it in its proper order in the continuation of the sacred history, which Moses had commenced. (Haydock) --- Stone unpolished,
except where there was an inscription, relating what had taken place. (Menochius) --- This monument of religion was not forbidden,
Deuteronomy xvi. 22. (Calmet) --- Oak. Hebrew alla, is translated a turpentine tree, Genesis xxxv. 4.,
(Haydock) and by the Septuagint here. But most people translate the oak. (Chaldean; Aquila; &c.) Under it Jacob
buried the idols of Laban, and Abimelech was chosen king; (Judges ix. 6,) as Abraham had entertained the angels under the
same tree, Genesis xviii. 1., (Calmet) and had sat under it when he first came into Sichem, Genesis xii. 6. On which supposition
it must have subsisted about 500 years. (Menochius) --- It was even shewn some ages after Christ. But it is hardly credible
that the same tree should have continued for such a length of time. --- Sanctuary, or tent, where the ark was placed
on this occasion under the oak. (Calmet; Bonfrere) --- Some think it was at Silo. (Menochius; ver. 1.) --- Kennicott denies
that the ark was present, and supposes that they offered sacrifice upon the very altar which Josue had erected on Garizim,
between 20 and 30 years before; and that this mountain is here called the sanctuary or "holy place." Upon it the oak
might very well grow, and Josue might "with great propriety take some large stone, and set it up for a witness, making at
the same time this striking remark, that this stone had heard all the words of the Lord, or had been present when his
law was inscribed and read to the people at their former solemn convention." Hence he infers against Collins, "that the Jews
had thoughts of worshipping, and did worship at Gerizim long before the separation of Israel from Juda;" and it was probably
for fear of the Israelites returning to a sense of their duty, by the sight of these monuments of the old religion, that Jeroboam
refrained from setting up his golden calves in the vicinity. (Diss. ii. p. 119.) (Haydock)
Ver. 27. It
hath heard. This is a figure of speech, by which sensation is attributed to inanimate things; and they are called upon,
as it were, to bear witness in favour of the great Creator, whom they on their part constantly obey, (Challoner) which is
the best manner of hearing. They rise up to our confusion. (Theodoret, q. 19.) (Worthington) --- The oriental writers delight
in these strong figurative expressions, which are not confined to poetry. Jesus Christ says, that if the children were silent,
the stones would cry out, Luke xix. 40. See Numbers xiii. 33., and Genesis iv. 10. (Calmet) --- Lest. Hebrew,
"it shall be therefore a witness unto you, lest you deny your God;" or literally, "lie unto your Elohim." (Haydock) --- The
expression often means to revolt and prove faithless, Deuteronomy xxxiii. 29., &c.
Ver. 29. And
after, &c. If Josue wrote this book, as is commonly believed, these last verses were added by Samuel, or some other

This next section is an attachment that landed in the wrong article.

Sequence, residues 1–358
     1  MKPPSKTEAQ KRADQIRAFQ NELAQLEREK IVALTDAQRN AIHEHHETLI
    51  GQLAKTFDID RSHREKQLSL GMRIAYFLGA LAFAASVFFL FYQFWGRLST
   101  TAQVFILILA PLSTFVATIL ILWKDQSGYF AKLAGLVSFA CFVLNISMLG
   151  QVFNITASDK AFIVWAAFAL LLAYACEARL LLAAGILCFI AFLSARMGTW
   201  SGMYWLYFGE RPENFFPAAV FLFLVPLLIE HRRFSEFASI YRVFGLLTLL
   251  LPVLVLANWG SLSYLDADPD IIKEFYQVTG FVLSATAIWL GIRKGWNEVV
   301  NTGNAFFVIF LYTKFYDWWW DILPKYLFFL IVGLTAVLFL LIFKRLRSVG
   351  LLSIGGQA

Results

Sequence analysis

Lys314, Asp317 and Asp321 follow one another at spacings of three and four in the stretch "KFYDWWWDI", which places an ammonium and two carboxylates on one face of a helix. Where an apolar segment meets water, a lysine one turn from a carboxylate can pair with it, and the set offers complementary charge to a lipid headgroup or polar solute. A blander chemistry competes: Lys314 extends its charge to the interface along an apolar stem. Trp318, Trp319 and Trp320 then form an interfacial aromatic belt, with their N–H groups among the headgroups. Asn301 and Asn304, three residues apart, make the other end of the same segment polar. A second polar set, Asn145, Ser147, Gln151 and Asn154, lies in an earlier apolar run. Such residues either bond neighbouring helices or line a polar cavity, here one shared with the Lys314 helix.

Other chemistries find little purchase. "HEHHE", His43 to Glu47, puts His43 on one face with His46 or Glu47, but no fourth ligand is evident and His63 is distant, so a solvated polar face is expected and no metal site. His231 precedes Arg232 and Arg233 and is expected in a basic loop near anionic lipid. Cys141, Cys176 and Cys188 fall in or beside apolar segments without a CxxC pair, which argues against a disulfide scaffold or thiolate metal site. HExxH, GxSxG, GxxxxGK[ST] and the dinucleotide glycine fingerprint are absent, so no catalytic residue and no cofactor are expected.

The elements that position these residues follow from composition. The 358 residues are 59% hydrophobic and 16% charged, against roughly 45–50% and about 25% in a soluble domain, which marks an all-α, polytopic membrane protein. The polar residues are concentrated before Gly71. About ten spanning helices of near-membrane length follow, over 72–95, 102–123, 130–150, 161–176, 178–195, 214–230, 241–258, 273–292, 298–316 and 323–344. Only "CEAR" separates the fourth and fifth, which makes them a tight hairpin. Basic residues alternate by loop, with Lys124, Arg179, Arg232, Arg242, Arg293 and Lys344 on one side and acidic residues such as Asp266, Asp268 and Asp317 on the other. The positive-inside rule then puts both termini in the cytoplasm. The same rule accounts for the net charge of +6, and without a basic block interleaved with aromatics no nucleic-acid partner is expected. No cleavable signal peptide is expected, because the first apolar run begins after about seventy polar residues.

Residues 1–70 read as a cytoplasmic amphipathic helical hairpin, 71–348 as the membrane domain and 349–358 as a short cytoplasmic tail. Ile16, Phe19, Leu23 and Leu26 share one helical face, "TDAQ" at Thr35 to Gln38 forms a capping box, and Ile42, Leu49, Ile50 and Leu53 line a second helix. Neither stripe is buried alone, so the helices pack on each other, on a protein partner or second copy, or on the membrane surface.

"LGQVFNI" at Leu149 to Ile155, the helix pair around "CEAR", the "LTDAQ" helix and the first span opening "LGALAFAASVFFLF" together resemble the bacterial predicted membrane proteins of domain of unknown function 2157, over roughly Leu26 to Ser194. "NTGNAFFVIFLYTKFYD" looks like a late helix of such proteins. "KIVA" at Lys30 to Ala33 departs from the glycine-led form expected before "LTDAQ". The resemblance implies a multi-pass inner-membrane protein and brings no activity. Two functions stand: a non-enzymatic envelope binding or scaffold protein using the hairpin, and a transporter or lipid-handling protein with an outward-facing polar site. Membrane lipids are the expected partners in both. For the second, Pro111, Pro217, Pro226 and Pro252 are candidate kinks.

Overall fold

prophet. (Challoner) --- Scholastic History. (Worthington) --- Josue had governed Israel 17 years with the greatest prudence
and fidelity. (Calmet) --- Some extend his administration to a longer period. (Haydock) --- He paid the debt of nature [i.e.,
he died] probably not long after the ratification of the covenant. It does not appear that he was ever married. (St. Jerome,
contra Jov. 1.; St Chrysostom) --- The Scripture does not mention that the people mourned for him, as they had done for Moses,
&c. Yet we cannot doubt but they would shew this mark of respect to his memory, on account of the many benefits which
they had received from him. The Holy Ghost has vouchsafed to be his panegyrist, Numbers xxvii. 12., and Ecclesiasticus xlvi.
1., &c. Josephus ([Antiquities?] v. 1,) represents him as a most universal character, equally perfect in every thing that
he took in hand. His greatest honour is to have been so striking a figure of Jesus, whose name he bore, (Calmet) and whose
sacred office in administering a second circumcision after he had caused the people to cross the Jordan, he so well described.
Like him he introduces the faithful into the land of promise, overthrows their enemies, and establishes them in peace, taking
care both at the beginning and at the end of his administration, to set before their eyes the will of the heavenly Father,
the God who is both holy and jealous, ver. 19. Under Josue the Israelites are invincible, only as long as they continue faithful,
chap. vii. But Jesus secures his Church both from infidelity and from the attacks of all her enemies, by his all-powerful
grace. (Haydock) --- The Jews have attributed to Josue ten regulations, which are too trifling to have been made by him. (Selden,
Jur. vi. 2.) --- The Samaritan chronicle embellishes the account of this great man with many surprising and puerile fictions,
as if the true history were not sufficient to excite our attention. See Basnage and Serarius. (Calmet) --- The Jews say Josue
died on the 26th of Nisan, unmarried. The Roman martyrology honours his memory on the 1st of September. (Salien, in the year
before Christ 1453.) It is probable that the Egyptian or Tyrean Hercules, who encountered so many giants and difficulties,
was no other than Josue, whose history the pagans have obscured with fables. (Vossius.) (Haydock)
Ver. 30. Thamnathsare.
Judges ii. 9. The last word is written hares (eros) the first and last letters being transposed in one of these
places. It may probably be in this verse, as we read of Mount Hares, Judges i. 35. Kennicott rather thinks that Sare
is the proper reading, as it is found in the Syriac, Arabic, and Vulgate versions of the Book of Judges. He observes, that